#Techforgood: making innovation useful for everyone
Tech for good, Digital Social Innovation (DSI), social tech… There are multiple names used to describe the growing number of entrepreneurs putting digital technologies at the service of public interest. Who are they? What do they do and how do they do it? How do they walk the line between public interest and private profit, between real impact and marketing talk? And how might they inspire you?
Who are the “Tech for good” entrepreneurs?
Broad generalizations can be risky, but in the realm of social tech, two fairly neat profi les emerge. The fi rst is made up of millennials – sometimes very young — who want to start their own ventures and actively contribute to building a better world. In France, Opinion Way’s 2018 poll of social entrepreneurship revealed that more than half of the people in the 18-24 age range (51%) wish to work in the digital social innovation sector. Many of the entrepreneurs featured in Emilie Videaud’s book fall into this category. Take Raodath Aminou, founder of the platform antigaspiOptimiam or Jean-Charles Samuellan, creator of Alan, a 100% digital mutual fund which “strives to make being healthy, easy” or the three founders of the online training platform, Kokoroe.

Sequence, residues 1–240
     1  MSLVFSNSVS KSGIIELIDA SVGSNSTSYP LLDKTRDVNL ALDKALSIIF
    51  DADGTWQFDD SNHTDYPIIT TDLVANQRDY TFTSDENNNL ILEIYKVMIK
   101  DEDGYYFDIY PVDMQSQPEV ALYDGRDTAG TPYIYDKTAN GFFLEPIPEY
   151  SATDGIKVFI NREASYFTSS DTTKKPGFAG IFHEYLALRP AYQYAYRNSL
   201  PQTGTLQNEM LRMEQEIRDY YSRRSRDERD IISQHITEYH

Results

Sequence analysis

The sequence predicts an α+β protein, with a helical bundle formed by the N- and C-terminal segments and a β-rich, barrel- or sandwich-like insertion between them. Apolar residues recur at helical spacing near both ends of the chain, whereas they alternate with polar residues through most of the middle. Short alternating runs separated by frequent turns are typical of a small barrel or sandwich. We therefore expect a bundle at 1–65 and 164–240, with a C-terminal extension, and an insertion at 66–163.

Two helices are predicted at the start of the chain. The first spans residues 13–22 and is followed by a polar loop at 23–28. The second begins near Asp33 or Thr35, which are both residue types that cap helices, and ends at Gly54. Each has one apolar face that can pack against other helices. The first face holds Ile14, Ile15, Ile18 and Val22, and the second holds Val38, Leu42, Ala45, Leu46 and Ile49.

The second profile is composed of more experienced entrepreneurs and executives, who seek a new sense of meaning and usefulness in their work. The well-known among them include Xavier Niel, the head of Free, and Ludovic Le Moan, CEO of connected objects industry giant, Sigfox. There are also lesser known fi gures, like Pascal Lorne, serial entrepreneur and creator of the platform GoJob which connects companies with candidates. Some of these people come from privileged backgrounds, while others—Ludovic Le Moan, for example—are the children of blue collar workers. Most have pursued brilliant studies but each of them points to an epiphany—triggered by an inspiring book, a painful event, an unjust situation—which pushed them into action. This eureka moment is what Emilie Videaud calls “the Social Calling”.
What are their projects, and what purpose do they serve?